Two Rivers residents rebuild after home lost to arson

Published: Sep. 7, 2021 at 4:46 PM AKDT
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FAIRBANKS, Alaska (KTVF) - Don and Virginia Mckee are picking up what is left of their home in the small town of Two Rivers, just outside of Fairbanks, Alaska.

In the early hours of July 3rd 2021, a serial arsonist set their house aflame, leaving behind the Mckee’s to clean up what was once their home.

“It’s the last thing I thought would have happened to my husband and I. It’s the last thing I thought would happen to Two Rivers,” says Virginia.

Despite their hardships they have persevered although she says it hasn’t been easy.

“All of the tools, all of the little things that made our lives a little easier are gone and . . so that smacks you in the face pretty hard, pretty regular still,” she added.

The Mckee’s lost thousands of dollars worth of tools and equipment in the arson. They are carpenters who are self sufficient, but without any tools to rebuild their new house it is a struggle, on top of the rising price of lumber.

Together along side helping hands of the community they are continuing to rebuild a new life and are thankful for their neighbors and other residents that have offered help.

Two Rivers became a place where the towns folk were suspicious of everyone and everything during the three months the fires occurred. The community is still not at rest and there is an eerie feeling that still hangs over the quiet town.

“When you hear a car or something drive by . . it’s . . it will all take time,” Mckee said, adding there are still too many unanswered questions for the people of Two Rivers to rest.

Mac Lebeau is Virginia Mckee’s son. He traveled up to Alaska from the lower 48 to help his mom and others in the town who were also victims of the arsons.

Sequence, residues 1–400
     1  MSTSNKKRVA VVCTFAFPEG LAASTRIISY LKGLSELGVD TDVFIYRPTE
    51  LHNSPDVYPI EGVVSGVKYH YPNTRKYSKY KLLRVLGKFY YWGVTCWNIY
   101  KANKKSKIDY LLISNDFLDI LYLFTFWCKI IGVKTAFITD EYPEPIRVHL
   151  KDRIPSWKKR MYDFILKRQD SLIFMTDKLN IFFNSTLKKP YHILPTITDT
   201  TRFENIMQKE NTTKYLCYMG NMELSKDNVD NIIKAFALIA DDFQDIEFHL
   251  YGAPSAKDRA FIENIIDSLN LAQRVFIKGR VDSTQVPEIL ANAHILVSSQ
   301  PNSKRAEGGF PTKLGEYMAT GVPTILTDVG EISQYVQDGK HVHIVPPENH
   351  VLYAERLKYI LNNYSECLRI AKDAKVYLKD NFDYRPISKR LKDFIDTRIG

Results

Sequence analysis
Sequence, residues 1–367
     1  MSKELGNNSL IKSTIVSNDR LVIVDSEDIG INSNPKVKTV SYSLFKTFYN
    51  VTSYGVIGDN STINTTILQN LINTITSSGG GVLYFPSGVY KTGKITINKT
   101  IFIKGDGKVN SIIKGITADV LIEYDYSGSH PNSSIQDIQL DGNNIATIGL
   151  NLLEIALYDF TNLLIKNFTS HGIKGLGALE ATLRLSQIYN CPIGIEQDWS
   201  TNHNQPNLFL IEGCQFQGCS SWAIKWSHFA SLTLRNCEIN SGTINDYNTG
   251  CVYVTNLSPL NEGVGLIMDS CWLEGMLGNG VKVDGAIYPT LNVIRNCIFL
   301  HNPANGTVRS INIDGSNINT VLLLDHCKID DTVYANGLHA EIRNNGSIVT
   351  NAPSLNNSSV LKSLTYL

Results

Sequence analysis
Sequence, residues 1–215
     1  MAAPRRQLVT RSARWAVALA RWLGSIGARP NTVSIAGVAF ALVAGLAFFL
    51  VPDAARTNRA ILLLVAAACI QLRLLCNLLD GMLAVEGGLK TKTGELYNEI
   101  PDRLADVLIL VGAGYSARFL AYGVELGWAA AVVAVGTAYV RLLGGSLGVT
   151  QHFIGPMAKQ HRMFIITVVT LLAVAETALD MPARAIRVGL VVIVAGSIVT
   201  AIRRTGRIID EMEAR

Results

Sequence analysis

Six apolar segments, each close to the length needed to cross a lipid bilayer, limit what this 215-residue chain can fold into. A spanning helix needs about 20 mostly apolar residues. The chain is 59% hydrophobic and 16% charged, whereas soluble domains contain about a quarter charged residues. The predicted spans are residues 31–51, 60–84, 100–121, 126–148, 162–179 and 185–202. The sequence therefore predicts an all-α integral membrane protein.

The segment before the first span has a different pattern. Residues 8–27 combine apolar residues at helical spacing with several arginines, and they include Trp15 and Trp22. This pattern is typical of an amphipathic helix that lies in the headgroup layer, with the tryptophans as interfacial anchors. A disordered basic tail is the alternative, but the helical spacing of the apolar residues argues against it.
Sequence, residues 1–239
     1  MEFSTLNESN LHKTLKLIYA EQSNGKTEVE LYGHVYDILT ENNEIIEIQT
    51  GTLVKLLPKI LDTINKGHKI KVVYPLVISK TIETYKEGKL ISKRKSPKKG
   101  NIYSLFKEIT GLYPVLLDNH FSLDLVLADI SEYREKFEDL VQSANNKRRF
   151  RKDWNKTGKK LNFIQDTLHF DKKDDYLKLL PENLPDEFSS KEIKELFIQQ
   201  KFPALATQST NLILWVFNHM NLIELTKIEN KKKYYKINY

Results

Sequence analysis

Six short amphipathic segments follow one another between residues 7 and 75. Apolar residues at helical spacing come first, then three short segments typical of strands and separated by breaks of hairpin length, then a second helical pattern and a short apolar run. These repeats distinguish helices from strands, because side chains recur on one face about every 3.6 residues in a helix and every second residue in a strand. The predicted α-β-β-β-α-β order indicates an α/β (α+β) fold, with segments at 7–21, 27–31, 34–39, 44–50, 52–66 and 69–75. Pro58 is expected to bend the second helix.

“This is where I grew up. Ginger Mckee is my mom and the building that she lost is my childhood home.” said Lebeau.

Lebeau reminisced on the place where he learned to ride horses, having his old home being a place for countless 4-H events and community celebrations.

“We had Halloween parties, fundraising horse shows, and we had tons of stuff that happened in that building, and its gone,” said Lebeau holding back his emotion.

“Obviously I would be lying if I said anger, I mean did not say anger. Sad, super sad. Because there is so much history, so much history that was here, and good people and its all gone. And we don’t know why,” he added.

The Mckees are looking forward to moving into their new home, but say removing the waste left behind has been their biggest hurdle. Making it harder to move on while looking out their window on the reminders of the past. With the change of season and snow on the way the Mckees are looking to find a way that is affordable to remove all the debris off the property.

Rebuilding the home for the Mckees is the first step, but overcoming the trauma of this arson could be a lifelong journey.

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